Queer Horror: Comparing Nightmare on Elm Street 2, Hellraiser, and Let the Right One In.

The history of sexuality and gender identity expression in movies dates back to the 1920s, where the terms “pansy” and “sissy” became linked to homosexuality to describe flowery, fussy and humorous male characters in film. Later on, in 1968, with the enforcement of the Hollywood Production Code censorship guidelines, expressions of sexuality and gender became more subtle (Russo 1981). Also known as the “Hays Code,” the code dictated what could be shown on screen, and thus, made any kind of queer representation prohibited. A response to these moral guidelines occurred during the 1960s with an influx of horror movies, in which many directors began utilizing their monsters and hauntings as subtle allegories for queerness and other “perversions.” Consequently, horror and queer cinema quickly became intertwined, ranging from movies celebrating, fetishizing, or suppressing queerness. Jack Sholder’s A Nightmare on Elm Street 2: Freddy's Revenge expresses queerness as something to be afraid of within oneself, whereas Clive Barker’s Hellraiser dives into the hyper-sexual BDSM community of the 1980s, while Tomas Alfredson’s Let the Right One in, handles the queerness and gender identities of its two main characters tenderly.

A Nightmare on Elm Street 2: Freddy’s Revenge exemplifies the troubled history of queerness through its usage of its featured nightmarish slasher, Freddy Krueger, as an allegory for the perverse, villainous ways of homosexuality. At the beginning of the film, the viewer is introduced to Jesse, an awkward, lanky teenager handling adolescence clumsily. His more popular, charming classmates, shown on the school bus that serves as the viewer’s vehicle into the plot, alienate and bully him. Instantly the viewer knows that Jesse is not like the other boys, and is left asking why. The answer is shown rather quickly: Freddy Krueger. However, once the initial shock value of Freddy is peeled back, the more subtle connotations of how Jesse’s queerness, shown through Freddy’s actions and words, is what truly makes him different is revealed.

Jesse refuses to have sex with his girlfriend and is not shown to have any blossoming relationships with heterosexual women near him, but instead is shown to lean towards his masculine, stereotypically attractive classmate, Ron. He is an important character in the discussion of Jesse’s suppression of his queerness. Ron wrestles with him early on in the movie, has locker-room conversation with him over how their school coach is “into pretty boys,” hinted to be like Jesse, and the two are even punished together afterward when the coach overhears them. In another scene, a snake, the symbol of sin and temptation, crawls over Jesse and he panics, Ron watches and laughs. The climax of their relationship comes towards the end of the film, when Jesse and his girlfriend are finally sexual, the two making out and fondling one another in her shed. At this point, Freddy (Jessie’s queerness) emerges, replacing Jesse’s tongue with a monstrous appendage. Jesse, naturally, freaks out and sprints to his nearest comfort, Ron, leaving behind his girlfriend.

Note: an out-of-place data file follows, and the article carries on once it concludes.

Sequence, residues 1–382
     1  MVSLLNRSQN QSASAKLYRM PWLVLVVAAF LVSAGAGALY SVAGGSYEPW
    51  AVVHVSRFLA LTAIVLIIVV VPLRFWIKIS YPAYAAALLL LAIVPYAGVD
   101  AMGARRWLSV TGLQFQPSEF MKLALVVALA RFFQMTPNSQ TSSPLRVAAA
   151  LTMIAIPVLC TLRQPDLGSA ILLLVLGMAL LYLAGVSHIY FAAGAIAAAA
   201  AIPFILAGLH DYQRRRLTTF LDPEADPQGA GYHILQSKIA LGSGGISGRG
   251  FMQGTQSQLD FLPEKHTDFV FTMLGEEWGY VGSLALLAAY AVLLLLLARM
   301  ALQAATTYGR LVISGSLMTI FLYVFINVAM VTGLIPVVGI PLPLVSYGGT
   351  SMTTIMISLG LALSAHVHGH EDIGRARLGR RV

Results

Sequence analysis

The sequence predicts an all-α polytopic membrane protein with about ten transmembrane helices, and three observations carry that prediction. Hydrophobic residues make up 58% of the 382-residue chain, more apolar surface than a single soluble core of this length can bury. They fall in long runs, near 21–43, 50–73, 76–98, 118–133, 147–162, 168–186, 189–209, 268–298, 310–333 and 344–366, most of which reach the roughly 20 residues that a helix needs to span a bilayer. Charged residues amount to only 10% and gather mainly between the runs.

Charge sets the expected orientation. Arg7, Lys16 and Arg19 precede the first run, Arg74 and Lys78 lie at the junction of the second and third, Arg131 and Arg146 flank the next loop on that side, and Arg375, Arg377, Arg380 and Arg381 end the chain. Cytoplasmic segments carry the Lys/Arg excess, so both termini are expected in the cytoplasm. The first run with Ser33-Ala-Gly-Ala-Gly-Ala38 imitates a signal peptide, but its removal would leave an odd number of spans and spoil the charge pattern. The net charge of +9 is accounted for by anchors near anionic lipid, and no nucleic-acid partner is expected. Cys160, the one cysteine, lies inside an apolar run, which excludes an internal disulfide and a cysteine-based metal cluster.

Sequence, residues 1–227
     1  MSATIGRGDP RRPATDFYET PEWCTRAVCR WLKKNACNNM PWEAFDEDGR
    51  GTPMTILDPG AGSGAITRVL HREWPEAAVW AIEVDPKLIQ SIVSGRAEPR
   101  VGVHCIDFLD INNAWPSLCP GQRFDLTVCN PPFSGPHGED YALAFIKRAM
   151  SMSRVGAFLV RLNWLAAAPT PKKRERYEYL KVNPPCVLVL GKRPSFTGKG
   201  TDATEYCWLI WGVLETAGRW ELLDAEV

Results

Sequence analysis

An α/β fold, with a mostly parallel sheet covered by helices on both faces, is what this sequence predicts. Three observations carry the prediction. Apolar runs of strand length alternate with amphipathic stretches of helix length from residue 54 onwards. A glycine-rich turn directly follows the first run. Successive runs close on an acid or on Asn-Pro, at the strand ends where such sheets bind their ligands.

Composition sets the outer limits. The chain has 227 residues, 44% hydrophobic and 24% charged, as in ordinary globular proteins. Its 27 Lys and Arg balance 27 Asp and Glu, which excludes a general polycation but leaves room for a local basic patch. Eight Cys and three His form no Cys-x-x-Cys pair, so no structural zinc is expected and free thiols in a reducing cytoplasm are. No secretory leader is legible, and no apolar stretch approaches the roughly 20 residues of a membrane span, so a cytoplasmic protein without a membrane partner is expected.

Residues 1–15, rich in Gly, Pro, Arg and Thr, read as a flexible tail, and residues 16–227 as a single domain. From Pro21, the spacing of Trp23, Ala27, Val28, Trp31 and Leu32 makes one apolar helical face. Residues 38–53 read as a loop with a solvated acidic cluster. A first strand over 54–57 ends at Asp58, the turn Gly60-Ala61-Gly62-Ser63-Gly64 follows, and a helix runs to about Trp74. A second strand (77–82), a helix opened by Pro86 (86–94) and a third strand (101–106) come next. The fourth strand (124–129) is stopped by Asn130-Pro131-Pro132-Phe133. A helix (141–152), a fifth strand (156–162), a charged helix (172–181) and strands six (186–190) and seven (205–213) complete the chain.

Jesse somehow sneaks into Ron's bedroom and wakes up the teenage boy up by hovering above him as he sleeps, shirtless. Here, one of the least subtle lines in the script is said. Jesse, trying to gather himself, sits to face Ron and says, “Something is trying to get inside of my body.” To this, Ron replies, “Yeah, and she’s female, and she’s waiting for you in the cabana, and you wanna sleep with me” ("A Nightmare on Elm Street 2: Freddy's Revenge"). Shortly after, however, their relationship comes to an end at the hands of Jesse’s queerness. Jesse, after sharing the truth of his haunting/possession, entrusts Ron to keep an eye on him so he wouldn’t fall asleep. Ron, however, thinks it is safe and lets the two of them go to sleep. Here is where Freddy reveals himself. He kills Ron, which the viewer can assume Jesse will guilt himself over. It serves as a gory allegory for Jesse possibly coming out to Ron about his true feelings and thus terminating their previously held relationship.

Other characters and events in the movie also support the villainy of queerness and Jesse’s reasoning to suppress it unconsciously. Two of these characters are Coach Schneider and Jesse’s girlfriend, Lisa. Coach Schneider from early on in the film is depicted as predatory and strict, especially towards Jesse and Ron. One night, when Jesse is very troubled and lacking sleep from his haunting, he wanders out into the night, disoriented. He blatantly chooses to ignore a “regular” heterosexual strip club and instead ventures to “Don’s Place,” a BDSM/leather bar filled with drag queens and queer-coded individuals. At Don’s Place, Jesse encounters Coach Schneider. His coach immediately leers at him before forcing him to go to the school gym to run punishment laps, followed up by a steaming shower. While Jesse is showering, Freddy emerges once more.

This time, Freddy is there to punish the coach. He does this by stringing him up in the gym showers with a jump rope, in a faint recall to the BDSM bar, and by whipping his back and arse until they bled profusely, all in front of Jesse. During the gruesome yet sexually coded attack, Jesse watched and did not run away or seek help. This could be seen as a shock response, but it could also be seen as Jesse refusing to possibly out himself via his testimony to the crime leading to proof of him at a queer club. When Jesse does finally decide to flee the scene, he does so out of guilt and fear, after the appearance of Freddy’s glove on his hand. Yet again, the audience is given another allegory for Freddy and Jesse being one.